If you're on a family dive holiday then be sure to get the kids involved. Lagoons are generally safe for all ages and abilities, and the amount of life in there is guaranteed to keep kids entertained for hours. Take your kids on a snorkel safari. Even if they are not that into snorkeling, I can almost guarantee that they will love it. Grab your waterproof notepad and get your future Jacques Cousteau's to write down how many fish species they can find, perhaps get them to draw a picture of their favorite fish, lagoons are littered with opportunities for fun and adventure.
Just DO NOT touch ANYTHING !!
Although picturesque on the surface, lagoons are a 'look but don't touch' kinda location. Home to urchins, fire corals, scorpion fish, lion fish, moray eels, cone shells stingrays, reef sharks and other bitey, stingy things, it is important to avoid touching anything, especially any coral, as most will have stinging polyps that will ensure you become very uncomfortable if they rub on your skin, plus its not good for the coral! Oh and try to keep your feet off the sea floor, stone fish don't take well to being stepped on . . .
Equipment for lagoon exploration
A mask and snorkel is sufficient for most lagoons, but to make the most of it, some sort of sun and thermal protection is important. You may be spending longer on top of the water, and with the sun bearing down on your back, and the water magnifying it, it's a recipe for a good sunburn. Fins are helpful of course too, the shorter the better in this instance. If you are planning on taking photos in the lagoon, then a few kilos of lead will help you to stay down as well.
Sun protection - The water is generally a lot warmer than in the open ocean, so a rash shirt or thin wet suit is best for keeping the sun off and keeping the stingy things away. I use the Long Sleeve Thermo Guard or for extra protection the 2nd Skin Shorty
Foot protection - As mentioned earlier, the lagoon is full of sharp, spiky, stinging things, so covered footwear like hard-soled booties are recommended in case you accidentally put your feet down on an unsuspecting critter.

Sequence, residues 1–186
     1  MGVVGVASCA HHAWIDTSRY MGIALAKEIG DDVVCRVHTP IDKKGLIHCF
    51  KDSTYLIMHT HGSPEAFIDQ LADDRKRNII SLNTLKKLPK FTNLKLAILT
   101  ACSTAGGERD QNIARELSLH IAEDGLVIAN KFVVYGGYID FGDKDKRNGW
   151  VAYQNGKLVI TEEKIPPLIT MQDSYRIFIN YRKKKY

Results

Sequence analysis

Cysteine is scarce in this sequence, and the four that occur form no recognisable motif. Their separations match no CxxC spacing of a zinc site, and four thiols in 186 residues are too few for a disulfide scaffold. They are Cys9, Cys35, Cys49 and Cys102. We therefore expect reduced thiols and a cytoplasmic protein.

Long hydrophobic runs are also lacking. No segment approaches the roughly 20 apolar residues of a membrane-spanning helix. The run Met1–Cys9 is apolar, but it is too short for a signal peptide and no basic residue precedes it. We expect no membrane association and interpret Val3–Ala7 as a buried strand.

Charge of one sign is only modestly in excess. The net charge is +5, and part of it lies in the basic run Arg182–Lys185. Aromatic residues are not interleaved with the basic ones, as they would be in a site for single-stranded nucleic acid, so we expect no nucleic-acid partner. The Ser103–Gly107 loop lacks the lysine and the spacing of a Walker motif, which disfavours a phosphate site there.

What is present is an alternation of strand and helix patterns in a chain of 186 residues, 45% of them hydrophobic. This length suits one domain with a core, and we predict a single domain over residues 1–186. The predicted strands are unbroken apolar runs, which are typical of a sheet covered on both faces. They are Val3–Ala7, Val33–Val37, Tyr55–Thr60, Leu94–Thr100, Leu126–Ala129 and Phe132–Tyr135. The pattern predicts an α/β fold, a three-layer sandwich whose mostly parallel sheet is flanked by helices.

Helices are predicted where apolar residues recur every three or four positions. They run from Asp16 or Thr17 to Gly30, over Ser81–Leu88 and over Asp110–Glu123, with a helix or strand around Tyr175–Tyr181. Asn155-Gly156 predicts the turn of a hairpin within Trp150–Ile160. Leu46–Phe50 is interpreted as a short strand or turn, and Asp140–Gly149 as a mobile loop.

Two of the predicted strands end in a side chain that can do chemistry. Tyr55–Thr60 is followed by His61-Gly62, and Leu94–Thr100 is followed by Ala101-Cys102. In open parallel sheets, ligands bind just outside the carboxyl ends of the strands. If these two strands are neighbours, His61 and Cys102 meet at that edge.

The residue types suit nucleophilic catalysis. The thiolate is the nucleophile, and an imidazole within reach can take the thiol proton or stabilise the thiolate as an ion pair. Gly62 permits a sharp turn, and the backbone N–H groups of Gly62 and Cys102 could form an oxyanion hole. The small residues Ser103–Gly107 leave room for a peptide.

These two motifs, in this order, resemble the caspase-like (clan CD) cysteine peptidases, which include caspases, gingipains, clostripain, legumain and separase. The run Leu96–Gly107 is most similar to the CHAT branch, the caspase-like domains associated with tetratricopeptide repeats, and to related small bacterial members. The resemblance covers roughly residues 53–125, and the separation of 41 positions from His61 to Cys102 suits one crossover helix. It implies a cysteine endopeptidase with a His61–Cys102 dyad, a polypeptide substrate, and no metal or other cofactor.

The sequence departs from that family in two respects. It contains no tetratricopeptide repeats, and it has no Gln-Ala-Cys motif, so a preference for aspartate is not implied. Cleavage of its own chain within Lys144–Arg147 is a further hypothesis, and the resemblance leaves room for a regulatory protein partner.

A good mask and snorkel is essential to make the most of your lagoon experience. I use the Essence Liquidskin.
Fins - You don't need long freediving fins as you will only be snorkelling in a few meters or less of water. These could do damage to the coral and are awkward in very shallow water. I use the X-Stream fins.
It's important for kids to enjoy their lagoon experience too, a shorty wet suit, mask, snorkel and fins are highly recommended, find them in the Aquazone Line.
Your camera - Bring your GoPro or camera, these shallow, clear lagoon waters are perfect for selfies and for practicing your video and photography. It’s also good to have a camera handy for that chance meeting with a reef shark or turtle. In the lagoon, I almost always shoot macro subjects, so a 100m macro lens with strobes and my Canon 7dmk2 is my go-to lagoon setup.
Be reef safe !
I can't reiterate this enough, coral reefs are a crucial part of our planet. Even if they only make up 0.1% of our ocean, they support 25% of all marine species on the planet. Hundreds of millions of people rely on coral reefs - from fishing to tourism (heard of the Great Barrier Reef?), coral reefs are a crucial part of our existence.
Put simply, we need coral reefs! We have already lost half of the worlds shallow water coral reefs, and scientists expect that, at the rate of ocean warming, the rest could disappear in the next few decades.
As a lagoon explorer, do your part in protecting coral by covering yourself in a wetsuit, making sure you use 'reef safe' suncream and also ensuring you do not trample on live coral or pull yourself along it whilst exploring these incredible rainforests of the ocean.
For more lagoon images please visit my website.
Written and photographed by Dan Westerkamp.